Mr. Bigelow to Mr. Seward

No. 370.]

Sir: The circular from the minister of foreign affairs, par interim, to the diplomatic agents of the Emperor, for which the public press has been trying to prepare the popular mind for more than a week past, appeared in the Moniteur of the 17th instant. It is occupied exclusively with the modifications which the relations of France with the rest of the world have undergone in consequence of the recent dismemberment of the German confederation. The only allusion which takes wider proportion is one made to the rapid growth of Russia and the United States, for which we are probably indebted to the demonstrations of friendship which the two latter countries have been recently exchanging with each other.

M. de La Valette, so far from appearing to regret the course of recent events in Germany, takes the position that France is relatively stronger now, with Germany divided into at least three large and independent powers, no one of which has a population as large as France, than when Germany was united in a confederation which represented a population more than double that of France. He also denounces the narrow and miserable policy of another age, when the greatness of countries was maintained by weakening those which surrounded them; and in the name of the Emperor declares with profound wisdom the true equilibrium of Europe is to be found in the satisfied wishes of its nations.

The marvellous feature of this paper is, that after interpreting so sagaciously and correctly, as I think, the bearing of recent events in Europe upon France, events which rather strengthen than weaken her position; after proclaiming the incontestable fact that she is menaced by no one, and the less incontestable fact that she is disposed to menace no one, and that the peace now making has every element of durability, the minister proceeds to argue from this state of facts the necessity of perfecting her military organization without delay. This paragraph is so perfectly inconsequential that I venture to say that it will be understood, by all France at least, as an undertaking upon the part of the Emperor to hold his sword in readiness to aid the negotiations which he has suspended, but not abandoned, for the rectification of his northern frontiers. It is difficult to conceive any other motive for addressing an announcement of such a character to the representatives of the government abroad, and in continuation of a statement of facts which logically ought to lead to a reduction rather than to an increase of military force.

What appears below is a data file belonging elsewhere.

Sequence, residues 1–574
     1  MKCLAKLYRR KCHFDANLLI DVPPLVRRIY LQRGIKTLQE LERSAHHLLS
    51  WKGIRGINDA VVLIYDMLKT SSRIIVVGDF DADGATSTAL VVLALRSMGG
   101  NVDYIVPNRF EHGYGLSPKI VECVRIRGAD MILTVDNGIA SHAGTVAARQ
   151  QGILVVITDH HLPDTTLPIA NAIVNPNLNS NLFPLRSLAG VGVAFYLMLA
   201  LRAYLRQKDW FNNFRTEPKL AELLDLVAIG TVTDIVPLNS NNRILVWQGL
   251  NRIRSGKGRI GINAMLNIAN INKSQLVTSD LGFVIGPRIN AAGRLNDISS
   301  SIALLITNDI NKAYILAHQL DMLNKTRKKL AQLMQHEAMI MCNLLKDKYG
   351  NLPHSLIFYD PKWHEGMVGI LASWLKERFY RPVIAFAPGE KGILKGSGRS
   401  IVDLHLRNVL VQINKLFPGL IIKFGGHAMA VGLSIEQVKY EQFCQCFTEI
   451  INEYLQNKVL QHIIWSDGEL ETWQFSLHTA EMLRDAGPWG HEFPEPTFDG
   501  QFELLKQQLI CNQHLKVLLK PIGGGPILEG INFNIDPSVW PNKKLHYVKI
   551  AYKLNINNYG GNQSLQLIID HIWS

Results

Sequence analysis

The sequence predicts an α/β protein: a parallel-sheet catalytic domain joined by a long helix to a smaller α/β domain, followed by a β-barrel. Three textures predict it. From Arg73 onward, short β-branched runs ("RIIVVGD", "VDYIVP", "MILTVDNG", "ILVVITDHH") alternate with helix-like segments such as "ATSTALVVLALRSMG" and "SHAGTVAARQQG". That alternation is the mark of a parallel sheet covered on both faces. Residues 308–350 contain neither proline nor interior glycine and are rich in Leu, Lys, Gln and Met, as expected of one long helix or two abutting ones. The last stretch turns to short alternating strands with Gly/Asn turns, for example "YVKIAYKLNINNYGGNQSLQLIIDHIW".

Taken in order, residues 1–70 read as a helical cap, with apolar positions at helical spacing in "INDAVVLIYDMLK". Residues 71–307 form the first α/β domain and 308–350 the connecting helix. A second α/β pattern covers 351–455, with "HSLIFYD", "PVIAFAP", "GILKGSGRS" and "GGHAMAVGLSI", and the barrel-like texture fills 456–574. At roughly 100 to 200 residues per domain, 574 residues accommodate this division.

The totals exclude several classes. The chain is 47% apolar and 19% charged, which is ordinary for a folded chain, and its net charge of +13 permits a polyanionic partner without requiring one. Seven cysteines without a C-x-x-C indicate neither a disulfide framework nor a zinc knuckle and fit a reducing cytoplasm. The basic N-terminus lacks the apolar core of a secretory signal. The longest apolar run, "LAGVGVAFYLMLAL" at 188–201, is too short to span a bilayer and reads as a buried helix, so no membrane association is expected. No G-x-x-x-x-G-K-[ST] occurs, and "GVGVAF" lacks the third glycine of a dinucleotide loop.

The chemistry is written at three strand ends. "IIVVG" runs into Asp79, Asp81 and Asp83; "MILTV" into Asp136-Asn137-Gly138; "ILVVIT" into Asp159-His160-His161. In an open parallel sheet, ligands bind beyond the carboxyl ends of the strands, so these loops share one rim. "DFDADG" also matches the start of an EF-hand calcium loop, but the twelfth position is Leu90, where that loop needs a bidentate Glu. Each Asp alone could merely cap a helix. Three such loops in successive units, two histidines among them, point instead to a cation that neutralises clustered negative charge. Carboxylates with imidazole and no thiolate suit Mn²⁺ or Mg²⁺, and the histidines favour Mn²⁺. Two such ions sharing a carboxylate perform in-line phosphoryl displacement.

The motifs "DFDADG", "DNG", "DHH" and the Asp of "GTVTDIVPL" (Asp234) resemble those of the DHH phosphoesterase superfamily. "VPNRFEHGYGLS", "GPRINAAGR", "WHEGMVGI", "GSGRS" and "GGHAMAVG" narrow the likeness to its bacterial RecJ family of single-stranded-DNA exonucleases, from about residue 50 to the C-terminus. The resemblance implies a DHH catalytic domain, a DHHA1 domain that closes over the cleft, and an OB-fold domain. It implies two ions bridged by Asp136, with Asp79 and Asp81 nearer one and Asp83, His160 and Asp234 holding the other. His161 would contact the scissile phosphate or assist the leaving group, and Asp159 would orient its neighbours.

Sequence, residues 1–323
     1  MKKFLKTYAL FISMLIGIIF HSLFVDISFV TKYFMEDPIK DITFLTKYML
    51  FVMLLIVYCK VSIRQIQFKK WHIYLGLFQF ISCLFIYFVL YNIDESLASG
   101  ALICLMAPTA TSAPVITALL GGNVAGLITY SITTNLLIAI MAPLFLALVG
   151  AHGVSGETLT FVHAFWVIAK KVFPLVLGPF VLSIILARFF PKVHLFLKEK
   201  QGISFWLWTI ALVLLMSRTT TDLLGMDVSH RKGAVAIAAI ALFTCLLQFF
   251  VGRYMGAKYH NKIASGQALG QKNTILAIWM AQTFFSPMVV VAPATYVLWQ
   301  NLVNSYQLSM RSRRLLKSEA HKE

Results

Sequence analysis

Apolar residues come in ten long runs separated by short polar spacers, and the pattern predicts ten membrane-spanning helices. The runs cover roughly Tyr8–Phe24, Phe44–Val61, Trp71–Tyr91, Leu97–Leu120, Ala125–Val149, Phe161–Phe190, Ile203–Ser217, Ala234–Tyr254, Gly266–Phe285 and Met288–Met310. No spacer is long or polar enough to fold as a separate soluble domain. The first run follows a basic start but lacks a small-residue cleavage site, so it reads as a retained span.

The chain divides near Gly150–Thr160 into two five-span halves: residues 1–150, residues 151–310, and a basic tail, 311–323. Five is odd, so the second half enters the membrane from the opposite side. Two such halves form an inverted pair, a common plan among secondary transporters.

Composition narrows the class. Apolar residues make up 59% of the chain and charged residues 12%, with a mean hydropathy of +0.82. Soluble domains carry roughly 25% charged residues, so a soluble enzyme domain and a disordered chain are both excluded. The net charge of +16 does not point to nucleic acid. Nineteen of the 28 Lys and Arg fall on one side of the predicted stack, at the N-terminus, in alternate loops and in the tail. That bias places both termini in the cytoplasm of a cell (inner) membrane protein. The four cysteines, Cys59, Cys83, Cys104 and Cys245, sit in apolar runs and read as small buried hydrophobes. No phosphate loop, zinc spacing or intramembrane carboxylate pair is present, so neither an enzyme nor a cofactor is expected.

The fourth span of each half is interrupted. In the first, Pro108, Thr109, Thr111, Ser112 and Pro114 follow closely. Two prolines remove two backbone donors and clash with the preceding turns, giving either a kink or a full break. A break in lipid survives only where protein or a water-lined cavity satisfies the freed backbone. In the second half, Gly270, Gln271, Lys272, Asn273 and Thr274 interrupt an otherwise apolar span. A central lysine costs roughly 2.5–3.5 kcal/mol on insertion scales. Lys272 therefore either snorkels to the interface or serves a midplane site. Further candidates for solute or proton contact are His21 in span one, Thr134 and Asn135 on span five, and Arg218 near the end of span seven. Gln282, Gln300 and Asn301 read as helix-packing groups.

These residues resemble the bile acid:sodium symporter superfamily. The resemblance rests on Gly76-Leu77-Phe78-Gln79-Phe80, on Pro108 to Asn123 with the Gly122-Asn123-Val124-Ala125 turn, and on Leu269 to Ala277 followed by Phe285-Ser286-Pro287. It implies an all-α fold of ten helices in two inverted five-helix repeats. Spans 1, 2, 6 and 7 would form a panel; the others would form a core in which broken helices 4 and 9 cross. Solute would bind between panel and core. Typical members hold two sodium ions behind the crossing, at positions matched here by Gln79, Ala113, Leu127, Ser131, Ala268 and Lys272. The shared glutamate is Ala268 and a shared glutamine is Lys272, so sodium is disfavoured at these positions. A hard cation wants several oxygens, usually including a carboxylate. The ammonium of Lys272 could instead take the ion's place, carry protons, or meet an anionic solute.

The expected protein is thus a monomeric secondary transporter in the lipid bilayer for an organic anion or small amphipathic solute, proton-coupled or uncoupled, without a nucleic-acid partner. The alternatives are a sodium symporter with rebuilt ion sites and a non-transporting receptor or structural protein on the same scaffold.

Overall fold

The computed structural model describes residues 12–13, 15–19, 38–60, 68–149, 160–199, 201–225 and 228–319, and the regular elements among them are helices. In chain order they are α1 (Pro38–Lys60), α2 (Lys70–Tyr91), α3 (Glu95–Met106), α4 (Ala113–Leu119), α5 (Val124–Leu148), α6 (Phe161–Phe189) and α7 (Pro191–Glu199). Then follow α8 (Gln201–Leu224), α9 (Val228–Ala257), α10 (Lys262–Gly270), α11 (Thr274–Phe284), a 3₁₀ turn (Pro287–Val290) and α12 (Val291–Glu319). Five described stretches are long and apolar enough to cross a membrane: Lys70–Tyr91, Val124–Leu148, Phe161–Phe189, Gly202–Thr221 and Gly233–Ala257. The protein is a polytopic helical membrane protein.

The fact is that France is very imperfectly armed at present, and if ever so much provoked would seek to avoid war for at least a year, the shortest time within which she could complete her preparations. It is also understood that there is a strong party in the government in favor of making a loan, for which there are abundant pretexts. The government also expects to be vigorously attacked in the chambers by M. Thiers and the partisans of weak neighbors, for its neglect to interfere in time to prevent the unification of Germany under the sceptre of a frontier state, &c. These reasons may suffice to explain the attachment of this otherwise most inconsequential tail to M. de La Valette’s kite, without ascribing it to any graver or more pregnant motive.